Are your finances taking a nosedive, and you can’t figure out why?
Surely you didn’t spend on takeout that much, right? Life goes by a lot smoother if you have good financial skills, and contrary to popular belief, you don’t need to be a math wizard to manage your money.
How you spend your money will impact your credit score and the amount of debt you’ll have to carry on your back. And if you’re struggling with money management even though you’re making more than enough to live comfortably, there are some things you should change.
Here are some money management tips you can try that can help you improve your finances.
1. Work out a budget
Nothing feels like a drag more than budgeting. Not only is it a very boring process involving listing out expenses and adding up numbers. But if you’re someone who isn’t good with money, you have to crack your knuckles and get to it.
And that is why you need to create a personal budget to keep yourself in check.
Those few hours you’ll spend each month sorting out a budget plan will make money management much easier. Don’t focus on the process as much as the great result. You will get to feel motivated.
And don’t just create the budget and have it rot away in your files. Keep referring to it throughout the month to see whether the plan you curated is being followed or not. This will serve as a helpful guide to keep you disciplined and in check with your money.
It’s a good idea to update it whenever you make a new expenditure because you will be able to see how much leftover money you can spend and still stay comfortable until the end of the month.
2. Start an emergency fund
You never know when life might hit you – starting an emergency fund is your countermeasure for the worst-case scenario. No matter how much you’re earning, put some money into an emergency fund every month.
It might seem like a drag at first, but your future self will thank you later because an emergency fund is the only thing that will save you when you’re in any financial trouble. And if you keep up saving in this way, eventually, you’ll have excess money that you can use for retirement or even a fun vacation.
3. Recurring monthly bills are a no-no
There’s one thing to be confident and a completely other something to be overconfident. Don’t get caught up in the haze and let it get the better of you – banks will approve you for a credit card or loans even if you can’t afford them.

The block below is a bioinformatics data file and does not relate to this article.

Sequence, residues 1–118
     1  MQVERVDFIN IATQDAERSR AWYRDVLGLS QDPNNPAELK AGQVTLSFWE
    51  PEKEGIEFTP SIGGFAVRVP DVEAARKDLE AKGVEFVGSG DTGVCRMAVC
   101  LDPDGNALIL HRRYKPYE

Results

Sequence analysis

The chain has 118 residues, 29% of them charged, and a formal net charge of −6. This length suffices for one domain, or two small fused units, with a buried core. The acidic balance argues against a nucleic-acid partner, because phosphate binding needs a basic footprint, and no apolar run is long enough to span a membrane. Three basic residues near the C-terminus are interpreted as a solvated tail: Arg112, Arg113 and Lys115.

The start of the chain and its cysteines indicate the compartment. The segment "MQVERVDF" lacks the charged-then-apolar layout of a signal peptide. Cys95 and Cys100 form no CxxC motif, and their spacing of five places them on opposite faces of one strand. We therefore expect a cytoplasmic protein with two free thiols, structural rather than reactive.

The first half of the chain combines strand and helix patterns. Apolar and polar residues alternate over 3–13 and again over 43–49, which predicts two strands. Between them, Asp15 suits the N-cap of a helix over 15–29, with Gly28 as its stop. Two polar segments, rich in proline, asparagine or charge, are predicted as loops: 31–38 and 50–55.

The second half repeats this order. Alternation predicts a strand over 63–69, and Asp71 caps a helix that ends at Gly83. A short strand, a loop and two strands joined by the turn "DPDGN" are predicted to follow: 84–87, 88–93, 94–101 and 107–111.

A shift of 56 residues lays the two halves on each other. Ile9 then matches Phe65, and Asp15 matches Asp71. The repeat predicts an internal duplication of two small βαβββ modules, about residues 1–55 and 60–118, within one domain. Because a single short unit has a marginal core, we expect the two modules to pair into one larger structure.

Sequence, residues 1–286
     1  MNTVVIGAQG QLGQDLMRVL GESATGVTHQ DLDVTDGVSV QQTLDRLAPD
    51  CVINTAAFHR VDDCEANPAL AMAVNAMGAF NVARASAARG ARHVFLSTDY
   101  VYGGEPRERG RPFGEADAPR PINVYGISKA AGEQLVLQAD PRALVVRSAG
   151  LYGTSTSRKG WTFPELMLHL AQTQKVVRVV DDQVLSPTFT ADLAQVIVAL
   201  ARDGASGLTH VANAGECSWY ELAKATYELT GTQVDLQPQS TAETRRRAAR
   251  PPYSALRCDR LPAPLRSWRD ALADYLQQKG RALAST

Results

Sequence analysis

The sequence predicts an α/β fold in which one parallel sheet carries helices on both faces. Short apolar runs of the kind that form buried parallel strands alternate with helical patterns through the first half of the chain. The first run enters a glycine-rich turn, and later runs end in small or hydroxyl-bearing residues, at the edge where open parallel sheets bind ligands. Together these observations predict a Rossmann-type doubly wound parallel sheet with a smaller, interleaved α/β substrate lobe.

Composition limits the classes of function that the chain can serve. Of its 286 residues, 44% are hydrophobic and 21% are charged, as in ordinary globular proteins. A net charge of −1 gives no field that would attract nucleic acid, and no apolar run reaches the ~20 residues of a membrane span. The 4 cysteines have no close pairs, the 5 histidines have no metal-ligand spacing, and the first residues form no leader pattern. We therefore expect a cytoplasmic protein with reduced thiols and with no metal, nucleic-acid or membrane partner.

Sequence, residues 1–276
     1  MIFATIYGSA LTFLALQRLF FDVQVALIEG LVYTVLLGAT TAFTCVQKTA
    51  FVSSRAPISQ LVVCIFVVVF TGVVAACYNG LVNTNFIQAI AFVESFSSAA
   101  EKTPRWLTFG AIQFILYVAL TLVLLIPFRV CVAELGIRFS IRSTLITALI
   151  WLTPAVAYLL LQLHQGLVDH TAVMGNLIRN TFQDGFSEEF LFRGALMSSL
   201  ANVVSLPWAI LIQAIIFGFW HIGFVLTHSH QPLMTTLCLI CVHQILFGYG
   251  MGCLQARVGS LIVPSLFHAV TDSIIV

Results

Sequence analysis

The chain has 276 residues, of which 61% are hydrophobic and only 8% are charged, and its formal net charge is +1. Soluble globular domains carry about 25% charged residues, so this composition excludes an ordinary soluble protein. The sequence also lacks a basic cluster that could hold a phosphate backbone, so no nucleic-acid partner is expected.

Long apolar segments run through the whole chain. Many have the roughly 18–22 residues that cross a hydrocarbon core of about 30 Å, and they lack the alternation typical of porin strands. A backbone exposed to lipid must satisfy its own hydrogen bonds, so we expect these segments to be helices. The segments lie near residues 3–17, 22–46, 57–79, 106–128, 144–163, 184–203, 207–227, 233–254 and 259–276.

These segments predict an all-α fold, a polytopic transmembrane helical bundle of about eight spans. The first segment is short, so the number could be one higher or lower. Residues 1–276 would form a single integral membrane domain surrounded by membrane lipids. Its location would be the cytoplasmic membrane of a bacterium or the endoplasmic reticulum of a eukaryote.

Even if your income and credit qualify you for one, you don’t necessarily have to take it. This is because even though the bank knows your income and debt obligations on your credit report, it doesn’t know about other expenses you carry besides that.
So you have to be smart about whether you are financially fit enough to pull through on monthly payments of that kind or if it will end up too much of an expense for you.
4. Master your taxes
It’s good to get familiar with income taxes before getting your first paycheck. The minute you have the numbers of your starting salary, start calculating whether it will be enough after you cut off a chunk for taxes.
You have to think about your long-term financial goals too. Income tax calculators are a useful tool to figure out how much money you’ll be left with. Remember to consider the state and city taxes of your area as well. You may even consider marginal tax rates if you leave one job for another due to a salary increase.
And one last thing to remember is to take the time to learn to do your taxes. It may seem like a headache at first, but you’ll be able to derail the expense of paying somebody else to handle your money. There is plenty of tax and money management software online that can help.
5. Pay off debt – early
What’s your main source of financial anxiety? It’s your debt. You should consider paying off your debt as early as possible. Sure, it sounds easier said than done, but there are two methods to becoming debt-free that you can consider.
There are two things you need to know about this method – first, you make minimum payments on all of your debts. And two, you use your extra money to pay off your smallest balance simultaneously. With this method, you’ll first focus on paying off your smallest balances.
This also means that debts with higher interest rates may take longer to pay off, costing you more in the long run.
Debt avalanche method
This is also called the highest-interest-rate method, and what you do is list all your debts based on the highest to lowest interest rates and put your money towards the highest one first.
Once you’ve paid off the bigger danger, the extra funds you accumulate can be used for the next one on the list. Eventually, you’ll notice your additional payments growing as you conquer each debt on your list.
Always keep one thing in mind; you don’t need to be an accounting or math expert to be able to manage your finances. The whole process seems intimidating at first, but it’s all about how you implement tips for money management.
You can always search up different resources and tools like money management books and money management software to make things easier.